The American airwoman hit the 15-year-old while driving four times over the legal blood alcohol limit
Julia Bravo – the 20-year-old American airwoman who hit 15-year-old Giovanni Zanier with her car while driving drunk in Porcia – must stand trial in Italy and not be sent back to the US, the child’s mother, Barbara Scandella, told La Repubblica on Tuesday.
“That woman must be tried in Italy and serve her full term,” Scandella declared. “We all know of previous incidents that have involved the American military in terrible accidents here. The truth is in these areas, they can do what they want and remain unpunished.”
Bravo has been charged with vehicular homicide and is currently under house arrest. A hearing to uphold her arrest warrant is scheduled for later on Tuesday.
The airwoman, who was seen getting into her car outside a disco not long before plowing into Zanier, was so drunk she couldn’t even turn the ignition on, according to an eyewitness who had been partying in the same club, and drove off in the opposite direction of the Aviano airbase, where she is stationed. When she was picked up by the police after running the teen down on a bicycle path around 2:30am, her blood alcohol content was four times the legal limit. She had also hit a road sign and the curb marking off the bike path.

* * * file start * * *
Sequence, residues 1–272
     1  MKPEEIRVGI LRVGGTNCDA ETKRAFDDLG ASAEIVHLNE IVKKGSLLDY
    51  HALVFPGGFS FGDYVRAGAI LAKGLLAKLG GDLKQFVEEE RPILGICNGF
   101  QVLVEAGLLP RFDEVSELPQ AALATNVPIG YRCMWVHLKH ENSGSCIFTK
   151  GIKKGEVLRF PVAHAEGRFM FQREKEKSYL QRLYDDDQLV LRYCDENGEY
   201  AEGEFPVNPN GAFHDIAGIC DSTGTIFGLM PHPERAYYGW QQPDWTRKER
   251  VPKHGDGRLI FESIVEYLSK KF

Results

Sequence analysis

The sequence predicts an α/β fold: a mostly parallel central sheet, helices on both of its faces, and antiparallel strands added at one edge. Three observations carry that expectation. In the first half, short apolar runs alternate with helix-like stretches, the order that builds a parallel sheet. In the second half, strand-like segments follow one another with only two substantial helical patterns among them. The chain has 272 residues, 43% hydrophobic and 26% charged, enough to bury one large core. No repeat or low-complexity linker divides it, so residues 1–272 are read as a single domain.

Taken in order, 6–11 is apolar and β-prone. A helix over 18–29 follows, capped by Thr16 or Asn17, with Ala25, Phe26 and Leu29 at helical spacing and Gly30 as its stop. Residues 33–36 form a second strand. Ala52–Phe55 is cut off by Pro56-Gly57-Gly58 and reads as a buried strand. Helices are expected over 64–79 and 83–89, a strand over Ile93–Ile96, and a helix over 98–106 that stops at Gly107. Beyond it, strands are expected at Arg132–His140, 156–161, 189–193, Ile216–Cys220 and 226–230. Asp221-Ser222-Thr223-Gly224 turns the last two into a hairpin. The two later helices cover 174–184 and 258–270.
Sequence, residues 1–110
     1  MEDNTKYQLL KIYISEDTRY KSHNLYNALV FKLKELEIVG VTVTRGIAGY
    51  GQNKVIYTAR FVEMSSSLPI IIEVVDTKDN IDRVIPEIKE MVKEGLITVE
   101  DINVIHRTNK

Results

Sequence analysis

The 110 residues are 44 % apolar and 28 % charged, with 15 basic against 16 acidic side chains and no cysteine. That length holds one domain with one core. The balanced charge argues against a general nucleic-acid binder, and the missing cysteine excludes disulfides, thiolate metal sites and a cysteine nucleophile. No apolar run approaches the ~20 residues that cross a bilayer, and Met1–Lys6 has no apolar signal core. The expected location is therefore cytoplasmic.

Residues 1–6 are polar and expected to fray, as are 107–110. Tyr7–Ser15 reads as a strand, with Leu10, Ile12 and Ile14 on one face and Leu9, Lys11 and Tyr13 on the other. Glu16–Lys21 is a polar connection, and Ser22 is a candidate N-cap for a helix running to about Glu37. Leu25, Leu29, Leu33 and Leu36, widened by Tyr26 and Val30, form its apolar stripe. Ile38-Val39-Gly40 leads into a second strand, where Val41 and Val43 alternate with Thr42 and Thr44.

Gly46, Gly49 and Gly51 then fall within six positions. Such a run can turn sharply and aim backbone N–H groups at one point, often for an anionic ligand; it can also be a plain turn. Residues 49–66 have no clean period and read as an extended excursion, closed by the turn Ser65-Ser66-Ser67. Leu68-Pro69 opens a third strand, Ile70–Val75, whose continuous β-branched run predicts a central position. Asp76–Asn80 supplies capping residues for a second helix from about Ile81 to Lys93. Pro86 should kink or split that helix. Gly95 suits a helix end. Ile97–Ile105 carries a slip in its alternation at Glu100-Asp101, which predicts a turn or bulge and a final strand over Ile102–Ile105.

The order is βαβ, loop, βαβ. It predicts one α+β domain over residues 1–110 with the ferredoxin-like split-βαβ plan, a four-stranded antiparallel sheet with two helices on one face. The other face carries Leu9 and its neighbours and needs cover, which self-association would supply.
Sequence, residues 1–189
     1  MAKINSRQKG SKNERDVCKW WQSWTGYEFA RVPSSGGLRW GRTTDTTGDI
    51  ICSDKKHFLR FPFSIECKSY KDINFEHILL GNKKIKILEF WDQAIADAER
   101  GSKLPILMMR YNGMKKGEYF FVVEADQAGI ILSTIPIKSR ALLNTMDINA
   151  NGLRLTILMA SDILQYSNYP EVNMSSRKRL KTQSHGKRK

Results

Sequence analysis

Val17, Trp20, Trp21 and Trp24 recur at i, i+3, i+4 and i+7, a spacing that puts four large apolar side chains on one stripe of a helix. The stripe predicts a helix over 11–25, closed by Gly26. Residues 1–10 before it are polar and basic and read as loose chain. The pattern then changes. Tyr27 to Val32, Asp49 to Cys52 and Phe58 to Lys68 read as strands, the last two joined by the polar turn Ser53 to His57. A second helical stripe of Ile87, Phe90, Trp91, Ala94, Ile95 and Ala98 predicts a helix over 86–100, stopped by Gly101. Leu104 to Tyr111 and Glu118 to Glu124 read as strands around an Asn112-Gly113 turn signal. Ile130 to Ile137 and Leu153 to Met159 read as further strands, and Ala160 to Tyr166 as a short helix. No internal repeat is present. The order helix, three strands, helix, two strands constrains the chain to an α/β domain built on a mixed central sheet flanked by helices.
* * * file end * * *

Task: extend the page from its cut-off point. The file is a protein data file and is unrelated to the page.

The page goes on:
Zanier was walking with his bicycle and talking with two friends in the bike path when he was hit and thrown 10 meters forward. His friends saw the incident but were not injured. He died while being transferred to a hospital. Bravo was “slightly” injured but did not require treatment.
While Italian authorities are in charge of investigating the death, La Republicca predicted that a 1951 military treaty involving NATO jurisdiction over Europe would be used to turn the case over to a US military court. The decision is apparently up to the Italian Minister of Justice, who can block extradition depending on the circumstances.
When US pilots clipped a cable carrying a cable car not far from Aviano in 1998, sending its 20 passengers plummeting to their deaths, they were acquitted of manslaughter charges, triggering international outrage. However, when an airman from the same Aviano airbase was accused of sexually assaulting a 14-year-old girl in 2002, the prosecutor’s initial attempt to hand the defendant over to the Pentagon was reversed due to the efforts of the victim’s lawyer.
You can share this story on social media: